Which came first, the chicken or the egg? It’s the foodie dilemma to rival all others, isn’t it? Well, not necessarily. Just as significant could be what hunter-gatherers discovered first, beer or bread? Was it bubbles in a forgotten bowl of porridge creating the earliest bread roll, or was early man kicking back with a cold one 
on a Friday night?

Because the answer is well and truly “up for grabs” according to Eat: The Story of Food (The Rise of Bread) (Nat Geo, 7pm, 14 December), which took us on a whirlwind tour of human civilisation from the earliest farming of grain to the contemporary pizza-eating, beer-guzzling society we all know and love.

Who knew the pyramids would never have graced Ancient Egypt were it not for the simple loaf? Or that a bit of bread discrimination - the lighter, the posher apparently - gave birth to the term “upper crust”? Or that glucose was sugar…? Ah, hold on, that I learned in school.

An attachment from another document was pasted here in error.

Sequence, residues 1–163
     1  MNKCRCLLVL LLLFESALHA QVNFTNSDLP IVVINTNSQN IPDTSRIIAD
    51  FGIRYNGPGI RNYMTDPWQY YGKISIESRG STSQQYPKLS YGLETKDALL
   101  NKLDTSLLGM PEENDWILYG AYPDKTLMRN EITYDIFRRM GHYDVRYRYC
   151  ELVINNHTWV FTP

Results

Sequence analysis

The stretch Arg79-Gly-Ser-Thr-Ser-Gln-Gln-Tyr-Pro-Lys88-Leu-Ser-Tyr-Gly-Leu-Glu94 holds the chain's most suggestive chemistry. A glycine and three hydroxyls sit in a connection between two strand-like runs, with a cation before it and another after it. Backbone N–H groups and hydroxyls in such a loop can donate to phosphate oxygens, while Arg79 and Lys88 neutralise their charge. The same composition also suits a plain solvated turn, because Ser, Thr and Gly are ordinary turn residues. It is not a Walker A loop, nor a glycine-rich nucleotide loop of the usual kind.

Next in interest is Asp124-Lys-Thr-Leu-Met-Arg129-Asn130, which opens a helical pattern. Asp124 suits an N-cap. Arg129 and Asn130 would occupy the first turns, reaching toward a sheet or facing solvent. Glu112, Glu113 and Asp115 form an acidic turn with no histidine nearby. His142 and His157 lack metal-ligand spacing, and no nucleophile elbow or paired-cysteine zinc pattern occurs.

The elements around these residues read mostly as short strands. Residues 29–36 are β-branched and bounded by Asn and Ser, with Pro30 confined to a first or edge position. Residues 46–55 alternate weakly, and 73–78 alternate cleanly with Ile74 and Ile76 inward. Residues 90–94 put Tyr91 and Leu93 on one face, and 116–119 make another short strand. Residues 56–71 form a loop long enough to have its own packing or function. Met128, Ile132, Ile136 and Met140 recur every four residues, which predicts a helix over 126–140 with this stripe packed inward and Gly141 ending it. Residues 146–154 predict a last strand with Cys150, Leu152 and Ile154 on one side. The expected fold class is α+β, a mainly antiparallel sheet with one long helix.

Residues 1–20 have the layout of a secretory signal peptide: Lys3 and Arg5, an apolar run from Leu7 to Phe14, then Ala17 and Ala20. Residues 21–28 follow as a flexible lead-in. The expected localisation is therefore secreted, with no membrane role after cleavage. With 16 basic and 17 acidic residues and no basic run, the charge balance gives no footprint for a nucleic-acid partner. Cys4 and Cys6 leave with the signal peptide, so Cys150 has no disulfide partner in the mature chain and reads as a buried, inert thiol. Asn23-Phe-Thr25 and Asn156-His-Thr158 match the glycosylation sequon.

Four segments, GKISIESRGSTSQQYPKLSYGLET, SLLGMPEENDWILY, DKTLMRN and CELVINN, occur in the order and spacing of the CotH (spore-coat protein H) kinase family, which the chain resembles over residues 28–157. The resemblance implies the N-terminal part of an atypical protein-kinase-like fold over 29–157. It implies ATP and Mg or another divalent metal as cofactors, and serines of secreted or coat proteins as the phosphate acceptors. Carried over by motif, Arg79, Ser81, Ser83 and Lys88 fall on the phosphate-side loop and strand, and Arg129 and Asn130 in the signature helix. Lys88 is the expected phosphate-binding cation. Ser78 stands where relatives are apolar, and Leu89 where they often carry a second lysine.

And therein lay the problem with this insight into grain’s historical rise. With all the nonsensical cuts to Homer Simpson snacking, or chefs describing their penchant for brioche - or “bri-osh” in phonetics - I was left feeling more than a little patronised.

The truly interesting bits and pieces I never knew ended up getting lost in the things I really didn’t need to know, mainly from “pizza pundit” Tony.

The premise has huge potential, but here it felt like a shot at making history contemporary and clever, which ended up condescending and a little cringeworthy.